From makeup artist, to fitness instructor to milk mustache model, there seems to be little Pierce College Yoga instructor Sunny Young, hasn’t done. Her many experiences have given Young a drive to assist the people around her, not by feeding the homeless or rebuilding a shelter, but by teaching people yoga.
Young has had a love for yoga for the last 20 years and has been teaching it for the past eight. In 2007, Young began working at Pierce College Puyallup.
“I started in continuing education and moved to the PE department after the Health Education Center was completed,” Young said. “I started by offering Yoga 159; ‘all levels.’ Then we added Yoga 259; beginning/intermediate.”
Young’s journey to yoga instructor was a long, winding road. It all started in Nevada in the 1980s. A single mother, Young balanced three jobs in the fitness, fashion and performing arts industries to take care of her child.
While teaching dance-exercise programs and modeling swim, dance and sportswear, Young began coordinating fashion shows for casinos, such as the MGM Grand, Harrah’s, Caesars Palace and the Flamingo Hotel.
Later asked to perform in some local casino shows, Young found herself working with an Asian elephant named Bertha.
“I was very hesitant when approached to work with her,” Young said. “But Bertha was born in captivity and was very gentle and sweet, and she loved to perform.”
Over time, Young moved on to different experiences. Concerned about her health image in front of her daughter, clients, colleagues and students, she decided to start promoting milk.
She got together with a professional photographer and they took pictures of her with a “milk mustache,” something that didn’t become a popular campaigning piece until 1996. The pictures were sent to the Nevada Milk Advisory Board and were later turned into billboards.
“Working in the fitness, fashion and performing arts changed me forever,” Young said. “But as my mother would remind me, God wasn’t done with me yet. My journey was just beginning.”
This was more than true for Young. Sometime later, Young became a traveling makeup designer.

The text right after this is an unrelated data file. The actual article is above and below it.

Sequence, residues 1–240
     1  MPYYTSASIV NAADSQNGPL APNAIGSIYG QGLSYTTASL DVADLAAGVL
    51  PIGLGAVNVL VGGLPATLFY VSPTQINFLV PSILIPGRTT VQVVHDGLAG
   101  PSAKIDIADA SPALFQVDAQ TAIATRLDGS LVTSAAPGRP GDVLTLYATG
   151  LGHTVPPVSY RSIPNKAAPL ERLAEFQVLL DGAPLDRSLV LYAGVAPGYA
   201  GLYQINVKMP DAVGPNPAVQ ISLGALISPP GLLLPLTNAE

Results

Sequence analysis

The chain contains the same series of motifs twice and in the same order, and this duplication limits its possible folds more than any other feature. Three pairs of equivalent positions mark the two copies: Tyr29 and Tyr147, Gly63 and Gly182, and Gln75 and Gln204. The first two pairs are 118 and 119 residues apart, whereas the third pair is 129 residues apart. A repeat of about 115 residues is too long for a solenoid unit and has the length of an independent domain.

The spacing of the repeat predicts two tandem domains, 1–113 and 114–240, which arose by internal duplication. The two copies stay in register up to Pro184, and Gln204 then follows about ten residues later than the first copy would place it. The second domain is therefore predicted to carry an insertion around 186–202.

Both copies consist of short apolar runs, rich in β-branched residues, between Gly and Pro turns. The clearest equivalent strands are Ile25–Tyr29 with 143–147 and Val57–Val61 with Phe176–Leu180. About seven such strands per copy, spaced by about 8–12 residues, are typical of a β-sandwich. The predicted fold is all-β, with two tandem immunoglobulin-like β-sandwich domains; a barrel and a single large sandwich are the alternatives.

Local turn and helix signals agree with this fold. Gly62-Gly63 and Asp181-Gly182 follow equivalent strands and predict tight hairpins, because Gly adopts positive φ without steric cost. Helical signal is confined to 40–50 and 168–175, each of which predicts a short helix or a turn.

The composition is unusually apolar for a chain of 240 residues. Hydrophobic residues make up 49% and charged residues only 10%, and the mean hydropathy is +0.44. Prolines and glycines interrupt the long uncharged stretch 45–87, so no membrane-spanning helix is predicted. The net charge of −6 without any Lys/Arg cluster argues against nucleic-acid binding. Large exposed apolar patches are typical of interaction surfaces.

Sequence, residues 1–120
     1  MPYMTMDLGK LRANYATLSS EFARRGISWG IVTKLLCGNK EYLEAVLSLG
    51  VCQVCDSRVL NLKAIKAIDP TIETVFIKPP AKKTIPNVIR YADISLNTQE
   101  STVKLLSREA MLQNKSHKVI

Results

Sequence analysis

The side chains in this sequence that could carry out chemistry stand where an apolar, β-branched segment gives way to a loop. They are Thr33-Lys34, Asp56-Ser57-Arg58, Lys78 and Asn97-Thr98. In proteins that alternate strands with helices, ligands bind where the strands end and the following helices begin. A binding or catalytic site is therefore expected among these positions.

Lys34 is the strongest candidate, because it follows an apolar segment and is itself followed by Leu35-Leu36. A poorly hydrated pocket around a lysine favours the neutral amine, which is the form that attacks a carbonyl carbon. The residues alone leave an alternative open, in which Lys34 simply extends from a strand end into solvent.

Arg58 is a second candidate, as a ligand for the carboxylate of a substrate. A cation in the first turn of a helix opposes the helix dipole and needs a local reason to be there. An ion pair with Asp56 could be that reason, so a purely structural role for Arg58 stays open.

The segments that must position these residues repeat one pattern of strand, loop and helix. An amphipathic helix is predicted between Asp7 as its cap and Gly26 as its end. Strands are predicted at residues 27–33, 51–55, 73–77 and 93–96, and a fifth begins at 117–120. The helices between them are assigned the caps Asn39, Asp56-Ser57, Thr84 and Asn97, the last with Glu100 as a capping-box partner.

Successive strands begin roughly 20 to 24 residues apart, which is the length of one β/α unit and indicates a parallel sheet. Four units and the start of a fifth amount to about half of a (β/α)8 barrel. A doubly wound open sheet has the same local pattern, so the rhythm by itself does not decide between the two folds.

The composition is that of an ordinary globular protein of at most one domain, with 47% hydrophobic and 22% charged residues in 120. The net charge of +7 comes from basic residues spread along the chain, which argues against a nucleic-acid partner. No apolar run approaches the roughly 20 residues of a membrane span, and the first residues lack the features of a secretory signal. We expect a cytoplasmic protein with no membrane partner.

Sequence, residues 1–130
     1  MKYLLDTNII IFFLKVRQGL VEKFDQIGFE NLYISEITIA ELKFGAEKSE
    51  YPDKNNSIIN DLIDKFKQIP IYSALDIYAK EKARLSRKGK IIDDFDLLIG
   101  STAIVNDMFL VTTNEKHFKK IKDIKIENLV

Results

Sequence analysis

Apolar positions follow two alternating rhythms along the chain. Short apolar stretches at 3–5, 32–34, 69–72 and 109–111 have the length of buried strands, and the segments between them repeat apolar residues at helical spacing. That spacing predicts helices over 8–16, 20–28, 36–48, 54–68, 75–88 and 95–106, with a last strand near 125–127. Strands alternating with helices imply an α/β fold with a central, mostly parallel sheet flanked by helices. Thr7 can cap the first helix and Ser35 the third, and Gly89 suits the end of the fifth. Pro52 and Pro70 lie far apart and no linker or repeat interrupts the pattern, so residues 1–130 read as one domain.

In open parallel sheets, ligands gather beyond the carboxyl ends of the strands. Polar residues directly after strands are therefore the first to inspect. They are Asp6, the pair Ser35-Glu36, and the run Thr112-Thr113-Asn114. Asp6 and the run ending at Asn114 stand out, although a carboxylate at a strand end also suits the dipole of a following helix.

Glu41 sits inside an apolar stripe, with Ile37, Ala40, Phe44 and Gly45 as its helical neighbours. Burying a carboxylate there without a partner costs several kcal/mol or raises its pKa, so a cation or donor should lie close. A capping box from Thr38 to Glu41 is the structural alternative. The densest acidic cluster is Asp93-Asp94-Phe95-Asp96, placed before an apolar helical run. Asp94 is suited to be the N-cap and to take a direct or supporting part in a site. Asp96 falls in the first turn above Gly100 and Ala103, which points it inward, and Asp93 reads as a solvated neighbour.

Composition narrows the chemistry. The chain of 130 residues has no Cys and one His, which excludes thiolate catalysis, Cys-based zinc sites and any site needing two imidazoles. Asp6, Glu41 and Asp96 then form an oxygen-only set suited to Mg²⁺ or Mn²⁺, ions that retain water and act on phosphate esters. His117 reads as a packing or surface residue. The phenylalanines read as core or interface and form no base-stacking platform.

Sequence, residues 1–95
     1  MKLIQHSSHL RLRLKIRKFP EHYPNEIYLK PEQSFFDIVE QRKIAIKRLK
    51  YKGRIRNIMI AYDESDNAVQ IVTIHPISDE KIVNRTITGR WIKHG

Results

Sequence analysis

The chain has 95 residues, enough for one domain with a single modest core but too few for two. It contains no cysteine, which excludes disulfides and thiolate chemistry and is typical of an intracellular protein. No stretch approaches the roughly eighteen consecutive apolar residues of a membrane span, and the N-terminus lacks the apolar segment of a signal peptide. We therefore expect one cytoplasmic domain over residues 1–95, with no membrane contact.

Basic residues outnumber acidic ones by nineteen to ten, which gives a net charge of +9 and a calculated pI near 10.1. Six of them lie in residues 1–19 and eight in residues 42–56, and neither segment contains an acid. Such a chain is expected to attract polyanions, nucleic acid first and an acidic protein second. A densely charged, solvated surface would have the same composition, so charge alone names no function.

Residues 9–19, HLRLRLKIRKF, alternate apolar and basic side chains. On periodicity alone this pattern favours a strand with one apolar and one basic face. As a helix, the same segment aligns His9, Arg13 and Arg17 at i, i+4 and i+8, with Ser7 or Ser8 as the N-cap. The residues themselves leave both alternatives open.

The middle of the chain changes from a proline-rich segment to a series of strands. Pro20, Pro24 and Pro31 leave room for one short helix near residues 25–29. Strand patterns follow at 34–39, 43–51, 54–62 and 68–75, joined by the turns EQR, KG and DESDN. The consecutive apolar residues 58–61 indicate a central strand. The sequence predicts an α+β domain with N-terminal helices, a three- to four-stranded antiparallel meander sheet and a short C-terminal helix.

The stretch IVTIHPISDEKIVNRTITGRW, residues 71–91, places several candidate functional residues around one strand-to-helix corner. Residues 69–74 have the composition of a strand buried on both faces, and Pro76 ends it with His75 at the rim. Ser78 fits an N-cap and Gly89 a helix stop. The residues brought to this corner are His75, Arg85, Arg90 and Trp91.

“It was the hardest job of my life,” Young said. “Long flights, longer days, sleepless nights. Not as glamorous as some might think.”
The taxing career took its toll on Young in more than one way.
A car accident in 1990 brought Young’s life as a traveling make up designer to a screeching halt.
“I injured my hips, shoulders, neck and lower back,” Young said. “All of a sudden I was off the road and in physical therapy every day.”
This accident just created a vacancy in her life for a new passion; yoga.
Young remembered using small bits of yoga when she used to be a fitness instructor to help tone, strengthen and improve flexibility. She also knew that many of the athletes, dancers and choreographers she met would use yoga for warm-ups.
Young found that the therapy she was currently doing wasn’t helping her like she wanted it to.
“After my car accident and months of physical therapy, I decided to incorporate yoga into my rehabilitation,” Young said. “I sought out a certified instructor and met Carina Terra. After a few months with Carina, my body completely changed.”
Young lost the weight she had gained after the accident and, according to her, became healthier than she had ever been before.
Encouraged by her husband, Young decided to seek certification so she could become a yoga instructor.
Young attended the Nosara Yoga Institute in Costa Rica and was certified in 2006.
“I knew that it was something I could share with other people and save them,” Young said. “I stepped away from a very glamorous industry and decided to make a change in my life.”
Since then, Young has taught at several different fitness centers, hospitals, community centers and senior centers; however, Pierce College stands as her favorite out of them all.
“One reason I stay at Pierce College is because the sense of family I have here,” Young said. “I always look forward to coming to work.”
Because yoga has had such an impact on her life, Young is constantly using it to help people with physical needs. She has worked with students from varying backgrounds and disabilities.
“Any age, any sickness, any illness, you can always find a yoga class for them,” Young said. “I know people in wheelchairs who are doing yoga from the waist up.”
While Young isn’t happy the car accident happened, she recognizes that it was the accident that brought her to yoga.
“I never imagined becoming a yoga teacher; it all happened by coincidence,” Young said. “I can’t explain how exactly, but every day I wake up and I know I made the right decision.”
Currently, Young is working on a new level of yoga called Yoga Special Topics, a program that will alternate every other quarter with Yoga Sculpt and Yoga Dance. The new class is scheduled to start in winter quarter.
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